Also during the en banc oral arguments, George Robinson conceded that he lacked a reasonable expectation of privacy in their driveway on the night in question. He argues, however, that the officer's further intrusion onto the property was unconstitutional, reasoning that the officer — once his suspicions of underage drinking had been validated — should have left the property or otherwise secured the premises and then obtained a search warrant. This argument was not previously raised before the three-judge panel and, thus, was not addressed in the panel opinion.2

Elisa Robinson, in contrast, continues to maintain that she possessed a reasonable expectation of privacy in the driveway and, thus, argues that Officer Cox violated the Fourth Amendment when he entered the property without a warrant. However, Elisa Robinson concedes that, if the officer was legitimately present on the premises when he witnessed the illegal activity, the officer's further...

To continue reading

Request your trial
25 cases
  • State v. Fisher
    • United States
    • Kansas Supreme Court
    • March 16, 2007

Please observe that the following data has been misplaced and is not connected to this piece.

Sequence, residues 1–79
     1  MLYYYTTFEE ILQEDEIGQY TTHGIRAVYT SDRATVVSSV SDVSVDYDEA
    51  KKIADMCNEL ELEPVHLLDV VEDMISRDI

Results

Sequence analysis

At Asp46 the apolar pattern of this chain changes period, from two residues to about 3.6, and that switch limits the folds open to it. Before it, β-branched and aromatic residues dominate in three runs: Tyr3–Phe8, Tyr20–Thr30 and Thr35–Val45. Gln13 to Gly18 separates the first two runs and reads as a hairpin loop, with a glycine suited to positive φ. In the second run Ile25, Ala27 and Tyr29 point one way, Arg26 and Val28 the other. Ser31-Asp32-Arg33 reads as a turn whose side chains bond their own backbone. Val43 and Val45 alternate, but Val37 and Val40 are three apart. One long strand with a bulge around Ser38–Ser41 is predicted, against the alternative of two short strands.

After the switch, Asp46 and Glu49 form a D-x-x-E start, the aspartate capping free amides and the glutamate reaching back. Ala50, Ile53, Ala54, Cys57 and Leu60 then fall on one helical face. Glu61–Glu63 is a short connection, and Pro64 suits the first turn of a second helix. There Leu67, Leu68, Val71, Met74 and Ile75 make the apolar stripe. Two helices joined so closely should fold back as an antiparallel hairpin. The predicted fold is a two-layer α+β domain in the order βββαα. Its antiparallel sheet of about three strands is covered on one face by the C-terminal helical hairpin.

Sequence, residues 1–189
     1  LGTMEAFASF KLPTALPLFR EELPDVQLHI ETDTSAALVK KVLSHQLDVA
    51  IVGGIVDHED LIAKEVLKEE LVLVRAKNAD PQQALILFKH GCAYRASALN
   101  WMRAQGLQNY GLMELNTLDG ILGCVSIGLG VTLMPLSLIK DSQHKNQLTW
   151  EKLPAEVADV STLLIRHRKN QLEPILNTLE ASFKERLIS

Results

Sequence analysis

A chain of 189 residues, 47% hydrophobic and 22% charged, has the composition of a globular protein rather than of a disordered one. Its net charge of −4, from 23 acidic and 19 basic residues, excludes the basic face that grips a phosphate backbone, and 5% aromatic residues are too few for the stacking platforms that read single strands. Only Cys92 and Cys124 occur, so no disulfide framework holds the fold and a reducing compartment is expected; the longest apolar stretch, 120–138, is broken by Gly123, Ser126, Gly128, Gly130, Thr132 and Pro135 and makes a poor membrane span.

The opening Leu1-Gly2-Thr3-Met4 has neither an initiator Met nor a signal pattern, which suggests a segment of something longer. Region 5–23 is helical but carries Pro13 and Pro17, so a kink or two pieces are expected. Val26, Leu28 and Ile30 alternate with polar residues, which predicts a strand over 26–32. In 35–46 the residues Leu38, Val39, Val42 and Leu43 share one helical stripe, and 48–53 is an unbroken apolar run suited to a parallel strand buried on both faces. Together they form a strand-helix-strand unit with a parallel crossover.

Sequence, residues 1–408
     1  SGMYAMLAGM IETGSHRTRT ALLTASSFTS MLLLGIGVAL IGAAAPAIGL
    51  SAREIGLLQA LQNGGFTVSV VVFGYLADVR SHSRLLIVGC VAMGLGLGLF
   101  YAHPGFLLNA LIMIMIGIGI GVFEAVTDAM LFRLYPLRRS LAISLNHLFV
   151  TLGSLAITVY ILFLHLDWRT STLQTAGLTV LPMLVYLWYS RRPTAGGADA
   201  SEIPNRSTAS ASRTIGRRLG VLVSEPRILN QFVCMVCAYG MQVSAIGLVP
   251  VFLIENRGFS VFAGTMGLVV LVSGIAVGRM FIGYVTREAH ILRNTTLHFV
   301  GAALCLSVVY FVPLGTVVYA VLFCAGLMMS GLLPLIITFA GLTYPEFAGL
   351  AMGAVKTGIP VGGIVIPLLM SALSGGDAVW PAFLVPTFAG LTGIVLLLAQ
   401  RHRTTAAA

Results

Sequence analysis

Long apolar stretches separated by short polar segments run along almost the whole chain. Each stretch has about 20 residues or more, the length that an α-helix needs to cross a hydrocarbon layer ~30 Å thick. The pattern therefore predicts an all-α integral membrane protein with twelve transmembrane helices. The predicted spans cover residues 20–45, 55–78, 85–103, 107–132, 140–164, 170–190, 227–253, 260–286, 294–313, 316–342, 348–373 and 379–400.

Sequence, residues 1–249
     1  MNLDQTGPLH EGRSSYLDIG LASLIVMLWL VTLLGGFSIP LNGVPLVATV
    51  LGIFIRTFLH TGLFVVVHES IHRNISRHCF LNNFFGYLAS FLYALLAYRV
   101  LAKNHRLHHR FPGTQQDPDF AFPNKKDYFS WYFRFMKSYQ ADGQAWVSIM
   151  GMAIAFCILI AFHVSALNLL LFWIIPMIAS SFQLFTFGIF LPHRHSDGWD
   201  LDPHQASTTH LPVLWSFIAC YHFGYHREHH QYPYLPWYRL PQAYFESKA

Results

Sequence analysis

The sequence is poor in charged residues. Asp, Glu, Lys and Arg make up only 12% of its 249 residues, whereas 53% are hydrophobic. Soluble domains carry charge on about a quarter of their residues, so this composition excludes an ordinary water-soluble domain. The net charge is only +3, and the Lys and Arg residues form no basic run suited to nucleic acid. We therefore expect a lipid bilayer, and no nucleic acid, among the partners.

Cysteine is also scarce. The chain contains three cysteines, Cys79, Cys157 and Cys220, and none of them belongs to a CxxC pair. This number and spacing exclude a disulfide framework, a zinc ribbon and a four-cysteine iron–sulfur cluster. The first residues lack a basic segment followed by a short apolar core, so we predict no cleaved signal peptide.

...still constitute an unlawful search if he unreasonably strayed from the normal access route to the front door); Robinson v. Com., 47 Va.App. 533, 625 S.E.2d 651 (2006); see also Gonzalez v. State, 588 S.W.2d 355, 359-60 (Tex.Crim.App. 1979) (purported plain view search unconstitutional wher......
  • Florida v. Jardines
    • United States
    • U.S. Supreme Court
    • March 26, 2013
    ...other circuitous detours that veer from the pathway that a visitor would customarily use. See, e.g., Robinson v. Virginia, 47 Va.App. 533, 549–550, 625 S.E.2d 651, 659 (2006) (en banc); United States v. Wells, 648 F.3d 671, 679–680 (C.A.8 2011) (police exceeded scope of their implied invita......
  • Mcgurk v. State
    • United States
    • Court of Special Appeals of Maryland
    • September 7, 2011
    ...a salesman, or an officer of the law.Davis v. United States, 327 F.2d 301, 303 (9th Cir.1964); see also Robinson v. Commonwealth, 47 Va.App. 533, 625 S.E.2d 651, 658 (2006) (“The landowner's implied consent is generally presumed to exist absent evidence of an affirmative intent to exclude t......
  • McCarthy v. Commonwealth
    • United States
    • Virginia Court of Appeals
    • November 9, 2021
    ...suppressed at trial. That claim presents a mixed question of law and fact that is reviewed de novo. Robinson v. Commonwealth, 47 Va. App. 533, 544, 548 n.6, 625 S.E.2d 651 (2006) (en banc ), aff'd, 273 Va. 26, 639 S.E.2d 217 (2007). Specifically, although this Court gives deference to any f......
  • Request a trial to view additional results

VLEX uses login cookies to provide you with a better browsing experience. If you click on 'Accept' or continue browsing this site we consider that you accept our cookie policy. ACCEPT